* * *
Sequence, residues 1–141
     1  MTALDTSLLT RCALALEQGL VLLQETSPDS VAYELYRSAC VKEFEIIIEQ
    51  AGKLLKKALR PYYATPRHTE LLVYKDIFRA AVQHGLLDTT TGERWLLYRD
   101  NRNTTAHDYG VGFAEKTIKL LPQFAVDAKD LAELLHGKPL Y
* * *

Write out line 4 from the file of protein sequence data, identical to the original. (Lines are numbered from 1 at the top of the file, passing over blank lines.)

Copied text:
   101  NRNTTAHDYG VGFAEKTIKL LPQFAVDAKD LAELLHGKPL Y